This may have been true in the past, but my kids are fresh enough out of high school that I can say pretty certainly that the majority of our secondary education today is geared towards College Prep (and standardized tests). I don’t think there was even 1 student in my kid’s class who said “I’m going to work in manufacturing”. It’s nowhere on the radar.
My previous employer, a large global manufacturer, used to have apprenticeship programs with all the local technical schools. Not only are the apprenticeships gone, but many of the schools are too (along with the factories they supported). Now, too many kids are just told “you can go to college!” when for so many a better answer are the trades, or some kind of technical skill (not necessarily mfg oriented). “in my day” the local vo-tech was an option for every high school kid. Now, it’s very “outdated” to go to vo-tech.
I was referring more to the methods/pedagogy rather than the content.
Against my wishes, my kid attended a ritzy private school. The lengths it went to to develop the kid went far beyond its rejection of “teach to the test” (the school was exempt from those requirements).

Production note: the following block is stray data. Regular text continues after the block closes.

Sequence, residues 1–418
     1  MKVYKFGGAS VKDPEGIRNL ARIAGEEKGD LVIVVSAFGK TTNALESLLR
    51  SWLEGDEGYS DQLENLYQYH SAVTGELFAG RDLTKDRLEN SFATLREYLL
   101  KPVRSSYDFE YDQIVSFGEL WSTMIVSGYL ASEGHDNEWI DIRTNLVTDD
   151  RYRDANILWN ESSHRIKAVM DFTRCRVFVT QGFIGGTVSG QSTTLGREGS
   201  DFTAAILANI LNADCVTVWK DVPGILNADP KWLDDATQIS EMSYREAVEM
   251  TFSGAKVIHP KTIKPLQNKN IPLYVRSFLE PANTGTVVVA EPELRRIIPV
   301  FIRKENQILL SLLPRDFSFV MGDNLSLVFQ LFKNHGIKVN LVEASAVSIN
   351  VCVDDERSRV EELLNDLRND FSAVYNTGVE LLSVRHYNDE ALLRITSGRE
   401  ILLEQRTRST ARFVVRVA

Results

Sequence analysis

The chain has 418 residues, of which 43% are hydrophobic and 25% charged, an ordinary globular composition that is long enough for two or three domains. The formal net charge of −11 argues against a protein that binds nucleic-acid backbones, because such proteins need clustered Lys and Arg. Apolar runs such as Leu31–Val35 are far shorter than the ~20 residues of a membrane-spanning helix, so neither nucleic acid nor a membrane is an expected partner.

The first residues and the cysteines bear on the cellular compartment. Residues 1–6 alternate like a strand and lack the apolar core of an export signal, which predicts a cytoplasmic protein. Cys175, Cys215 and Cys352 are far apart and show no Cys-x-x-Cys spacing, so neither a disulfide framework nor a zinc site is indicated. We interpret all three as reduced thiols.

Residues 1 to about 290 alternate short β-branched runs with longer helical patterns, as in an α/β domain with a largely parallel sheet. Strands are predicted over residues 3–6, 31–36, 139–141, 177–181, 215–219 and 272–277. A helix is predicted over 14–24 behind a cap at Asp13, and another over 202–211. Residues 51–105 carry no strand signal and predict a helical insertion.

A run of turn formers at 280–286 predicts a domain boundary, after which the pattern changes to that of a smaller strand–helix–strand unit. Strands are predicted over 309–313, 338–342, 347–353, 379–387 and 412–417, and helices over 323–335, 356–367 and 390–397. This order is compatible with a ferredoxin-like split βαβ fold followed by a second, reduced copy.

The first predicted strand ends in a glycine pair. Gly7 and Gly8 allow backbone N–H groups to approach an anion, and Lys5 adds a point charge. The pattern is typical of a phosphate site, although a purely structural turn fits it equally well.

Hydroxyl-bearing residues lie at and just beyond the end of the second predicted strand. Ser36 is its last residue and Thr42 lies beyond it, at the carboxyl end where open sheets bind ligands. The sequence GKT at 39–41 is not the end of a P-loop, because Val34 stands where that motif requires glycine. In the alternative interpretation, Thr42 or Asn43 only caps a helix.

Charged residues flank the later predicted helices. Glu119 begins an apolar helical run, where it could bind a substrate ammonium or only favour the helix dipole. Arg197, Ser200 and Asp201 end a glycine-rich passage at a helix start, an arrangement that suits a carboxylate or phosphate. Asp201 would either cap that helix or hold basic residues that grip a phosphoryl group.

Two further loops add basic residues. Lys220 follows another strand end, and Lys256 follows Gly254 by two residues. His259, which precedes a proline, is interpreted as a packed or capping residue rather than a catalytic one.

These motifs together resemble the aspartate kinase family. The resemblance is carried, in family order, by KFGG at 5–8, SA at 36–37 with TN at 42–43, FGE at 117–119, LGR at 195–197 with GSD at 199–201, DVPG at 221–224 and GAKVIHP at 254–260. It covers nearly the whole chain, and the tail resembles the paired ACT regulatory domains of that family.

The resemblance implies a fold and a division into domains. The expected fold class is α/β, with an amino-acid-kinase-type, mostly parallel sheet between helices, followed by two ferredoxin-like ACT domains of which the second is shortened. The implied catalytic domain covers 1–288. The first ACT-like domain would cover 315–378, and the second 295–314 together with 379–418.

They were aided in these efforts by tuition that was 3x what public schools pay per pupil (supplemented by private donors in order to keep it even that “low”), being allowed to kick problem kids (rich version) to the public schools, and by teachers willing to work for a lot less than the public schools paid.
Rodrik is right that the manufacturing employment ship sailed long ago due to a combination of outsourcing and technological change that increased labor productivity.
Even in nominal (current dollar) terms, manufacturing accounts for only 11% of U.S. GDP, down from 12% in 2010. More broadly, goods-producing industries (manufacturing, mining, and construction) account for 17% of U.S. GDP. Private services-producing industries (excluding government) account for 70%.
Services cover a broad range of economic activities from haircuts and retail stores to cross-state and cross-country traded high tech business, professional, and technical services. When he states future jobs need to focus on services, I would prefer that include the traded high tech type rather than the traditional locally produced and consumed type.
Even high-tech manufacturing can play a big role. These are the types of goods and services that require high skill and that can be provided from any location, not just densely populated urban areas.
Manufacturing in the U.S. is not dead, it’s just changed. Most of the low skill, low wage, repetitive motion jobs on assembly lines are gone forever, and good riddance. We lead the world in high tech manufacturing and it’s a lead that we should be careful not to fritter away.